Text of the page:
Some 29 million people in the UK could be entitled to compensation of up to £30 each if a lawsuit by watchdog organization Which? is successful.
It is suing chipmaker Qualcomm, claiming it has breached UK competition law by exploiting its dominance in the market for patent licenses and chips.
Which? alleges that Qualcomm overcharged manufacturers, which was then passed on to consumers in the form of higher smartphone prices.
Qualcomm said the lawsuit has “no basis in fact.”
“As plaintiffs are well aware, their claims were struck down last summer by a unanimous panel of judges on the Ninth Circuit Court of Appeals in the United States,” a spokesperson told the BBC.
Which? is seeking damages for all affected Apple and Samsung smartphones purchased since Oct. 1, 2015.
It estimates that individuals could be entitled to up to £30 compensation each, depending on what type of smartphone they bought.
Anabel Hoult, chief executive of Which? said, “We believe Qualcomm’s practices are anti-competitive and have so far left consumers around £480 million out of pocket – this must stop.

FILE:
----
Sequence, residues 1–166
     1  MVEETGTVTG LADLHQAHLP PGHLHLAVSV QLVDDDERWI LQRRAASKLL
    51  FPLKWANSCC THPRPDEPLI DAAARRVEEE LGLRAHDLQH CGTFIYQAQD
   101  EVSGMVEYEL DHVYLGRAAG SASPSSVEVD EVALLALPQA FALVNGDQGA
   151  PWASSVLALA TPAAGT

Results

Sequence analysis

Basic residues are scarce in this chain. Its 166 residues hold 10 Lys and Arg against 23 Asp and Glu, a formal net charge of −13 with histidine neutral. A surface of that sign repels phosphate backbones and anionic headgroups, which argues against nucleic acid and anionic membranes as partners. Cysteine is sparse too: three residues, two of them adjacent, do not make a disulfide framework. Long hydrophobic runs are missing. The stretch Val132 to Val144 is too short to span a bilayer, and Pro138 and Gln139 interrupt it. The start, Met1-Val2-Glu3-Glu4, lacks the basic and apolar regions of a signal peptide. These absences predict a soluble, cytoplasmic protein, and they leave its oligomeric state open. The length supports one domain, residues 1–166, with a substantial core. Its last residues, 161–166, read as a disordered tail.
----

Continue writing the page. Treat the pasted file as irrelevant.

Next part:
“We are sending a clear warning that Which? stands ready to take action when companies like Qualcomm indulge in manipulative practices that harm consumers.”
Which? has submitted its complaint to the Competition Appeal Tribunal, which will decide whether the case can proceed.
Qualcomm, one of the world’s largest manufacturers of chips for cell phones, is facing a series of allegations of anti-competitive behavior.
In 2018, the European Commission fined the company €997 million (£858 million) for breaking competition law in a series of deals with Apple.
And in 2019, after a four-year investigation, it imposed another fine of €242 million for abusing its dominant position in the 3G chipset market.
Qualcomm is appealing both notices.
The Federal Trade Commission in the U.S. also sued the company in 2017 for unfair practices in licensing its technology, but dismissed the case last year.